Can Tryptophan Make You Smarter?

Q I have read that tryptophan supplementation can make you smarter. Is there any truth to that?

SAMUEL Denver

A It is now known that the creation of new neurons—a process called neurogenesis—is possible. Not only is this true in lower species, but in humans too. In fact, it is now known to be a lifelong process, beneficially altering two particular areas of the brain. On the other hand, a decrease in the production of new neurons is related to cognitive decline and aging. In the brains of marmoset monkeys, a recent study has found that newly generated cells (in the dentate gyrus of the hippocampus) were significantly lower in aged monkeys.1 In fact, the older they became, the fewer new cells were generated. According to the researchers, this “suggest[s] the possibility that similar alterations occur in the human brain.”

The researchers reasoned that this age-related decline of neurogenesis may be caused by the decrease with age of the neurotransmitter serotonin, which has been known to promote hippocampal neurogenesis through actions at a certain serotonin receptor. The knowledge that both serotonin and the serotonin receptor decrease with age, “raise[s] the possibility of a negative effect on neurogenesis.”

Another report found that serotonin-induced increases in adult cell proliferation and neurogenesis are mediated through different and common 5-HT receptor subtypes in the dentate gyrus and the subventricular zone.2 The researchers had previously reported that the reduction of newborn cells in these regions followed significant serotonin depletion.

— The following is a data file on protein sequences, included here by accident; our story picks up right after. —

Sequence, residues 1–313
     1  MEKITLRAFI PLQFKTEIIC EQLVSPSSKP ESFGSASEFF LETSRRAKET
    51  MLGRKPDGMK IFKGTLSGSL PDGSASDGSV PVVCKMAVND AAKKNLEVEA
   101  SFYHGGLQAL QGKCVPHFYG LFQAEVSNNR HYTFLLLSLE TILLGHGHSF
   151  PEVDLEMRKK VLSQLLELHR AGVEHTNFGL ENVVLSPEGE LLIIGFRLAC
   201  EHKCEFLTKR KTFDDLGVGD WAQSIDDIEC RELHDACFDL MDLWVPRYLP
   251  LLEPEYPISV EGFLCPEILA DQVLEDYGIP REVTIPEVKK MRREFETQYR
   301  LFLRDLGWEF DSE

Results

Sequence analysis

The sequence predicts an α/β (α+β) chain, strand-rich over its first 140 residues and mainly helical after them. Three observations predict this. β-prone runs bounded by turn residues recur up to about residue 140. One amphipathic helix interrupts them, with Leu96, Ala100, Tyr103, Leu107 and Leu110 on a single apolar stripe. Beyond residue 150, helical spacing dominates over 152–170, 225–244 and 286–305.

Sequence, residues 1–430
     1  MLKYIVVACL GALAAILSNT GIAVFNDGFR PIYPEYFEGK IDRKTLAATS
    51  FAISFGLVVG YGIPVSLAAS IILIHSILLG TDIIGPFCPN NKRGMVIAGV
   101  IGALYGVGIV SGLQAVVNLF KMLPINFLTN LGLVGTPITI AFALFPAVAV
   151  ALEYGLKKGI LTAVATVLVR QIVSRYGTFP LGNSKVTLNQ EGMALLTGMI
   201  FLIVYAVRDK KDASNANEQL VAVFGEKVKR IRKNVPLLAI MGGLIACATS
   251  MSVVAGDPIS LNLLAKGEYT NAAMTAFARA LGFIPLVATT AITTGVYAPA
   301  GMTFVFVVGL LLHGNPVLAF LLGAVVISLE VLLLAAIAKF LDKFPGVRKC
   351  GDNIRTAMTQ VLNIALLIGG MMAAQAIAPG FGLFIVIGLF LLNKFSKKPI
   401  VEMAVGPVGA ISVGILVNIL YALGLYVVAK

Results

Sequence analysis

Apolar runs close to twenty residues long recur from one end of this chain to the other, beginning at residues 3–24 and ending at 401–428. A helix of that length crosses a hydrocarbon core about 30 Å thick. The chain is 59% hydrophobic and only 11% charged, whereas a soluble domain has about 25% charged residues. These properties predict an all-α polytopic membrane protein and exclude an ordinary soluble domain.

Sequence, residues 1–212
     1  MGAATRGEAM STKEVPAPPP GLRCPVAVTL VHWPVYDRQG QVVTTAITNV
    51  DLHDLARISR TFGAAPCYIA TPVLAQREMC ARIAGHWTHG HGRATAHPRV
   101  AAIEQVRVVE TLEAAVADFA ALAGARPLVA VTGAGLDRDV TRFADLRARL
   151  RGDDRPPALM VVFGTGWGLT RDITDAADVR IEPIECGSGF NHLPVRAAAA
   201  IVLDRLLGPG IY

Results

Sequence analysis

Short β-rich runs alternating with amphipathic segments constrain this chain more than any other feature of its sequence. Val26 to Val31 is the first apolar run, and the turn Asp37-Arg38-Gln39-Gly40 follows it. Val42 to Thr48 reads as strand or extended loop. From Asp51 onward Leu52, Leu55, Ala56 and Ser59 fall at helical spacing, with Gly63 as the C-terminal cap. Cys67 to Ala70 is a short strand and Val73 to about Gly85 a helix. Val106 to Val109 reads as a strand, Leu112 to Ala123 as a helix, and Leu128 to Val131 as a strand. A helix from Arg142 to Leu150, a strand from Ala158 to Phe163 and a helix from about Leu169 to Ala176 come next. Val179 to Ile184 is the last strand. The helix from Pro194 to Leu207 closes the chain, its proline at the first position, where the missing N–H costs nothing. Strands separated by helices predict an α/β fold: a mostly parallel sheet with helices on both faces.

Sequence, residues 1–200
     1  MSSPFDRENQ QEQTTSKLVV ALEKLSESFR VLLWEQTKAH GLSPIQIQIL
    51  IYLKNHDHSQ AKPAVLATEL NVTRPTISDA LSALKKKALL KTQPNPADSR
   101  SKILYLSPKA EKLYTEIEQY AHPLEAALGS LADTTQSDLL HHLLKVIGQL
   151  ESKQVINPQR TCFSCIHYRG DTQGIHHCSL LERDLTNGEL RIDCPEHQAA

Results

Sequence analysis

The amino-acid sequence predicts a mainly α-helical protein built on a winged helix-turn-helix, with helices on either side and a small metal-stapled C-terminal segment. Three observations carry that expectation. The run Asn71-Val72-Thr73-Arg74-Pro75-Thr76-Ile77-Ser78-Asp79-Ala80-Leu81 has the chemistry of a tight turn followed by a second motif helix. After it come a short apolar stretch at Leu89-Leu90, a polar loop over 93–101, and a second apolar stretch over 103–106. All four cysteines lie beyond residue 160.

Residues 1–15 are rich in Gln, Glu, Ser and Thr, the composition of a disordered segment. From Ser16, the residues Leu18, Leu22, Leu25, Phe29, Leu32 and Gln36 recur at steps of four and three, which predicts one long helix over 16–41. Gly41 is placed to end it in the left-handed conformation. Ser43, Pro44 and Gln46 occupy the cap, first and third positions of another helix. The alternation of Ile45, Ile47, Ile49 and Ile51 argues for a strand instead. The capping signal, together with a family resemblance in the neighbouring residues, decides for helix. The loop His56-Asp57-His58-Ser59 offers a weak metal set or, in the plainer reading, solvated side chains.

More recently, it was reported that enhanced serotonergic neurotransmission in the hippocampus following tryptophan administration improves learning acquisition and memory consolidation in rats.3 The rats were given tryptophan orally daily for 6 weeks in amounts of 50 or 100 mg/kg of body weight. The finding showed that long-term memory as measured by a water maze test was significantly improved. The enhancement was 66.5% at the 50 mg/kg dose and 72.4% at the 100 mg/kg dose. Short-term memory was also measured and found to be improved significantly by 54% at the 100 mg/kg dose. However, there was no benefit at the 50 mg/kg dose.

Finally, the length of time it took the rats to relocate a submerged platform in the water maze was measured. These results, representing memory consolidation, measured retention latency at 1 hour and 24 hours after training. There was a significant decrease in retention latency at both doses of tryptophan after 24 hours. This meant that rats remembered the location of the platform longer.

So, in answer to your question, it is quite possible that taking a tryptophan supplement can enhance memory. Doesn’t that make you smarter? (Thanks to Durk & Sandy for this insight. Please see their Life Extension News write up in the March 2008 issue of this publication.)

  1. Leuner B, Kozorovitskiy Y, Gross CG, Gould E. Diminished adult neurogenesis in the marmoset brain precedes old age. Proc Natl Acad Sci U S A 2007 Oct 23;104(43):17169-73.
  2. Banasr M, Hery M, Printemps R, Daszuta A. Serotonin-induced increases in adult cell proliferation and neurogenesis are mediated through different and common 5-HT receptor subtypes in the dentate gyrus and the subventricular zone. Neuropsychopharmacology 2004 Mar;29(3):450-60.
  3. Haider S, Khaliq S, Haleem DJ. Enhanced serotonergic neurotransmission in the hippocampus following tryptophan administration improves learning acquisition and memory consolidation in rats. Pharmacol Rep 2007 Jan-Feb;59(1):53-7.



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